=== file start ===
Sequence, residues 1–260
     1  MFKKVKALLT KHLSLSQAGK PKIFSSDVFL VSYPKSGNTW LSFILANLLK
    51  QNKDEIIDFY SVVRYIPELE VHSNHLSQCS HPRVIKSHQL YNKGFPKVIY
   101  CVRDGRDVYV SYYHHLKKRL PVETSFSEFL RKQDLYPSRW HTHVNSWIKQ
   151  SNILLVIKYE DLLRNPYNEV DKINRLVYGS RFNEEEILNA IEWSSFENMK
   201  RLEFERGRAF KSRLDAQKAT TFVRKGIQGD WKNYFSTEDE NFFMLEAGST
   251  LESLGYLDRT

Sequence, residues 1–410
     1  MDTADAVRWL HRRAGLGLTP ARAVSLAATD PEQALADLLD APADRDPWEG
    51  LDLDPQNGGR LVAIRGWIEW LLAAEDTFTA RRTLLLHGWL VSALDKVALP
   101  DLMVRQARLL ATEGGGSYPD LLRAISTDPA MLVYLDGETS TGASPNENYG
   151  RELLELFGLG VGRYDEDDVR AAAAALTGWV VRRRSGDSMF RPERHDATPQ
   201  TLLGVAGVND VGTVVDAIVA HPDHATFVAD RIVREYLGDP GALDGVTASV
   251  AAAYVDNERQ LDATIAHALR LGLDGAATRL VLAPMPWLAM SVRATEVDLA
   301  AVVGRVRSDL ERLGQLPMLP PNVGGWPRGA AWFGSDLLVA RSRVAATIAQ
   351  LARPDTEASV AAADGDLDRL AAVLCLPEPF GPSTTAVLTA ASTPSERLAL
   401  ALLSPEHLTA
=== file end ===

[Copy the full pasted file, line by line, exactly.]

Sequence, residues 1–260
     1  MFKKVKALLT KHLSLSQAGK PKIFSSDVFL VSYPKSGNTW LSFILANLLK
    51  QNKDEIIDFY SVVRYIPELE VHSNHLSQCS HPRVIKSHQL YNKGFPKVIY
   101  CVRDGRDVYV SYYHHLKKRL PVETSFSEFL RKQDLYPSRW HTHVNSWIKQ
   151  SNILLVIKYE DLLRNPYNEV DKINRLVYGS RFNEEEILNA IEWSSFENMK
   201  RLEFERGRAF KSRLDAQKAT TFVRKGIQGD WKNYFSTEDE NFFMLEAGST
   251  LESLGYLDRT

Sequence, residues 1–410
     1  MDTADAVRWL HRRAGLGLTP ARAVSLAATD PEQALADLLD APADRDPWEG
    51  LDLDPQNGGR LVAIRGWIEW LLAAEDTFTA RRTLLLHGWL VSALDKVALP
   101  DLMVRQARLL ATEGGGSYPD LLRAISTDPA MLVYLDGETS TGASPNENYG
   151  RELLELFGLG VGRYDEDDVR AAAAALTGWV VRRRSGDSMF RPERHDATPQ
   201  TLLGVAGVND VGTVVDAIVA HPDHATFVAD RIVREYLGDP GALDGVTASV
   251  AAAYVDNERQ LDATIAHALR LGLDGAATRL VLAPMPWLAM SVRATEVDLA
   301  AVVGRVRSDL ERLGQLPMLP PNVGGWPRGA AWFGSDLLVA RSRVAATIAQ
   351  LARPDTEASV AAADGDLDRL AAVLCLPEPF GPSTTAVLTA ASTPSERLAL
   401  ALLSPEHLTA